For my professional development book in my Special Methods class, chose Steven Layne’s “In Defense of Read-Aloud.” I thought that this would be a great book for me because I have always enjoyed when teachers read to classes and I know as a teacher, that I will want to do the same and I will need proof to give to my coworkers and administration that read-aloud is beneficial in the classroom. This Professional Development book is a great read as well. Layne puts so much of his personality in this book that I found myself laughing at a lot of places.
Chapter 1: What’s All the Fuss About Reading Aloud?
In this chapter, Layne talks about how he did his doctoral dissertation on read-alouds in schools. He found a lot of research that discussed the benefit of read-alouds. Expected to show the counter to this argument, he did not find any research that supported the idea that reading-aloud to students wasn’t beneficial. He also talks about how teachers need to lead in literacy and what better way to do that than to read to the students?!
One of my favorite parts of this chapter was when Layne talks about how one of the mothers of one of his 5th grade students, told him that he gets paid to teach, not to read to the students. It is people like this that make it necessary for teachers to have research to back up their teaching practices. He discusses how he doesn’t go the the hospital and tell a doctor how to do his job due to the fact that he doesn’t have the knowledge to do so, therefore parents and and administrators should have the same respect for teachers. They do not have the knowledge to teach children, therefore they shouldn’t tell a teacher how to run their classroom.
I loved the position statement at the end of this chapter by Jerry L. Johns of Northern Illinois University. He gives a list of 10 reasons why reading to students is beneficial.
- Stimulates language development
- Helps students move naturally into reading
- Shows that reading is pleasurable
- Demonstrates that print is meaningful
- Fosters an interest in books
- Stimulates students to react to what is read
- Helps create favorable attitudes toward reading
- Encourages students to listen actively
- Serves as a model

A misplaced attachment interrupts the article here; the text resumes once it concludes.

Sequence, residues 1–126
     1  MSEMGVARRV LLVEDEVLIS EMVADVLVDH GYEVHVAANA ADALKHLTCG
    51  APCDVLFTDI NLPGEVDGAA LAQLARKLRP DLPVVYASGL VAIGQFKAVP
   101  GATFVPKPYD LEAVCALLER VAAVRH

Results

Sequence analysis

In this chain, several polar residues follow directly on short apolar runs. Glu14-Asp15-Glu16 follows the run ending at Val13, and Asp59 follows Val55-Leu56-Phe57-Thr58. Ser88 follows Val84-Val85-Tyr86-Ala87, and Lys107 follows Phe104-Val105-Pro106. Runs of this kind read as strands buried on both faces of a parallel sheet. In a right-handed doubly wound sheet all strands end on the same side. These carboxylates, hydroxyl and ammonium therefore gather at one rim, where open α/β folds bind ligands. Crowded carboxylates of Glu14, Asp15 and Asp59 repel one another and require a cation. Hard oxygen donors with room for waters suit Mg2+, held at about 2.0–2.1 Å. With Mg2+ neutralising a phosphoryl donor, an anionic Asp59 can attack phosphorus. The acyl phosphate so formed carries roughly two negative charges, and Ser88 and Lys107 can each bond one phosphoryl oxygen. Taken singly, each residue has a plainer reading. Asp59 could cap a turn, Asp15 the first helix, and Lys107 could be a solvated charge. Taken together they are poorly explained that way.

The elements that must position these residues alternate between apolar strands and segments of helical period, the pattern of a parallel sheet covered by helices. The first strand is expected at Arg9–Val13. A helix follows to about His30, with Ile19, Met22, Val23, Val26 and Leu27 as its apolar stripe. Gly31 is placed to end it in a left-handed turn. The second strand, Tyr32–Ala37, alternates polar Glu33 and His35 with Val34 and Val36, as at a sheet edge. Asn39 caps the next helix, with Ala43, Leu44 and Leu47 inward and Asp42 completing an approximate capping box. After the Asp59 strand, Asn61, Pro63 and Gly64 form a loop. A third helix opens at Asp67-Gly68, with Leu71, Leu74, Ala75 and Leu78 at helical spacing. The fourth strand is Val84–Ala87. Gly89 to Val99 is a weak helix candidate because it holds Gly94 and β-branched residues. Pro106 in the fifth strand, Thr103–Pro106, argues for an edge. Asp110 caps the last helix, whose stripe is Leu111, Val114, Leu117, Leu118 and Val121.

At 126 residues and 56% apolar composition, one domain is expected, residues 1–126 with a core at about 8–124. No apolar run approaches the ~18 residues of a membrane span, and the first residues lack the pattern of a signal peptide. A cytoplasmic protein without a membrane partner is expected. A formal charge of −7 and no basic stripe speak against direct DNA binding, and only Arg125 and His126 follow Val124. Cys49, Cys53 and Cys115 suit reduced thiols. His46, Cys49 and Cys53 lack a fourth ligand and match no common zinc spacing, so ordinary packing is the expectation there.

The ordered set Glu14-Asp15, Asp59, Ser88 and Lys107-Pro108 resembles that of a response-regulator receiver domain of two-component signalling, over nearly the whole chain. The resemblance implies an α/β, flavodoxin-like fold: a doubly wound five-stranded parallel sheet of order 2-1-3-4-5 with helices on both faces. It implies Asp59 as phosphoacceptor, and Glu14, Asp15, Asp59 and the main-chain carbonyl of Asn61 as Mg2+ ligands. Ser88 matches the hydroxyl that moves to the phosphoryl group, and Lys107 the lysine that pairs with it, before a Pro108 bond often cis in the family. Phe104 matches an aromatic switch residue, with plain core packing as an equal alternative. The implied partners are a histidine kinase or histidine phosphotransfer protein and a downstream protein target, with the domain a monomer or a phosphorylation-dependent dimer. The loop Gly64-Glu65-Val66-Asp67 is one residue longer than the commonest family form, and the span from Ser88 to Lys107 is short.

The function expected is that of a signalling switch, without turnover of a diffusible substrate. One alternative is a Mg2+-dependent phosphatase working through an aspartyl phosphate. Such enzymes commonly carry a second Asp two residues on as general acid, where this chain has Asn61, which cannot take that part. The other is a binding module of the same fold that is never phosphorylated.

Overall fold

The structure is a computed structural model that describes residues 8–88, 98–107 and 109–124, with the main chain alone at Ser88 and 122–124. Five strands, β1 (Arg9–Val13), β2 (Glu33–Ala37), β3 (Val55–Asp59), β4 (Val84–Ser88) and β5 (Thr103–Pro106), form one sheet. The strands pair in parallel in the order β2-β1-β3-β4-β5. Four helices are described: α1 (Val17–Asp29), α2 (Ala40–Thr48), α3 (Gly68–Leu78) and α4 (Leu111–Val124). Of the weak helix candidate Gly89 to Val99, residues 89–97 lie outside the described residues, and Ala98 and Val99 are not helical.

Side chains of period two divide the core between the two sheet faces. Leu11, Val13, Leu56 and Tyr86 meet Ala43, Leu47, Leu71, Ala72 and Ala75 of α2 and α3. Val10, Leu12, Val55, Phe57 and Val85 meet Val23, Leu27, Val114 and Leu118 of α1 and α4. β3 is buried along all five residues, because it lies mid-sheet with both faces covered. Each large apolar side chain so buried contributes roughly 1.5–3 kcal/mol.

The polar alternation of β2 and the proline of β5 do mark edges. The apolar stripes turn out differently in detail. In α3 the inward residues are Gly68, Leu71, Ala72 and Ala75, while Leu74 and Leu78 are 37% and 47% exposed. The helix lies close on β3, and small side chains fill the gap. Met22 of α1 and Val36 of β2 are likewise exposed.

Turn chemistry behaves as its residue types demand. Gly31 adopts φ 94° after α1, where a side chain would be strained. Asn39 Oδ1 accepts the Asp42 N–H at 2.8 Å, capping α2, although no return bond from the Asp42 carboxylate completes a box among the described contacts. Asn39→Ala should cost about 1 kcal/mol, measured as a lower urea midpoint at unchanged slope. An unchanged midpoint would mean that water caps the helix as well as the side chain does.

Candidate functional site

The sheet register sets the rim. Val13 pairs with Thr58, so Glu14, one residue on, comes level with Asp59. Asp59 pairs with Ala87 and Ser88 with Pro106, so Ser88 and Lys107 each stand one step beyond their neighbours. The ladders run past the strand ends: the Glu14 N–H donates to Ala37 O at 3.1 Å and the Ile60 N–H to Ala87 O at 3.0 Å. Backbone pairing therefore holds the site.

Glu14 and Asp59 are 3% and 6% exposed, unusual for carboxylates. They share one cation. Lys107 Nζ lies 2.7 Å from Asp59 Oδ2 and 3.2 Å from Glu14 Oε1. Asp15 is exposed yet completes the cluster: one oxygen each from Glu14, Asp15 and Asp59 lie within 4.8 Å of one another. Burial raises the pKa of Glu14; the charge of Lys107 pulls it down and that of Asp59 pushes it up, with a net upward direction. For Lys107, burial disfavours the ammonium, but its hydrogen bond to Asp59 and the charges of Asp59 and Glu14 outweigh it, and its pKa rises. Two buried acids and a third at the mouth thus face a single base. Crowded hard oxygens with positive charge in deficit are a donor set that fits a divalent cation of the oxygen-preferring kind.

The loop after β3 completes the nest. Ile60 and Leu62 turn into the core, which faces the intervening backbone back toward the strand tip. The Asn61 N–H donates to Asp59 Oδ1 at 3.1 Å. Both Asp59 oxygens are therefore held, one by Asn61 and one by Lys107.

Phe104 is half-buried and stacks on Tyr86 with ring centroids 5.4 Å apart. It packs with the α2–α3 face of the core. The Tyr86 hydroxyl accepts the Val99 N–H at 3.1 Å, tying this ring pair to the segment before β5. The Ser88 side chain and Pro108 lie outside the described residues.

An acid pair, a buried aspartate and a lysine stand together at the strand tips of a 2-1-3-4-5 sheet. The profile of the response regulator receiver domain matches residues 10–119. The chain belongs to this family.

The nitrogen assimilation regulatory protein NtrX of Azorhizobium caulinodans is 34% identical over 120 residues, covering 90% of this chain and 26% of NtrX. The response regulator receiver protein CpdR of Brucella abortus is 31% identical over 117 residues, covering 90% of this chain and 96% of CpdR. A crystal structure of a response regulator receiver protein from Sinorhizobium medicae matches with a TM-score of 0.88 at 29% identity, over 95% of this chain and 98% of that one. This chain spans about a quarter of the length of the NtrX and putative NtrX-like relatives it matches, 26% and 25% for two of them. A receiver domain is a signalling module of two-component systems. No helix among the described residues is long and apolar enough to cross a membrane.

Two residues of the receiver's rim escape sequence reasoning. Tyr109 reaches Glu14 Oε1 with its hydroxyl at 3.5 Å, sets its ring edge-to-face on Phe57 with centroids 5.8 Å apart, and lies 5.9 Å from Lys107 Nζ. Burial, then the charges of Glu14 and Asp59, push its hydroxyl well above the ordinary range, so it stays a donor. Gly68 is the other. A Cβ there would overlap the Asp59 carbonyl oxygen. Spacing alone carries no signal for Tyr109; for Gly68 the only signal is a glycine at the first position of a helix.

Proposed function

- Builds rapport
I am seriously thinking about lamenting this and hanging it in my classroom, sticking it in my pedagogy, and my syllabus so that students and parents know why I plan to read to my students from the get-go and why.
In Chapter 2, Layne discusses establishing a time to read to students and that happens during that time. Because no person sits in an uncomfortable place at home when they read, he gets the students out of their desks and lets them lounge comfortably around the classroom. He also puts a sign on his door that says “Do Not Disturb.” I think this is a brilliant idea as well. I hate being interrupted from my book, it ruins the magic of reading. He also thinks of great ways to get students excited about the book that they will be reading, Layne gives great detail about every aspect of read-aloud time in this chapter.
Chapter 3 is dedicated to choosing appropriate books for your read-aloud. He discusses genres and a list of recommendations for every age.
Chapter 4 is titled “The Art of Reading Aloud.”If you aren’t going to be an animated reader, then the students will find it boring. He discusses reading with expression and reader’s theatre.
The final chapter is “The Books We Love to Read Aloud.” There are pages and pages and PAGES of real life teacher recommendations and recommendations from Layne personally.
I really loved this book and I think that it will be extremely beneficial to me someday when I am reading to students. There is so much our students can gain from read-alouds and we as teachers need to utilize this tool.
I suggest all of you check it out!!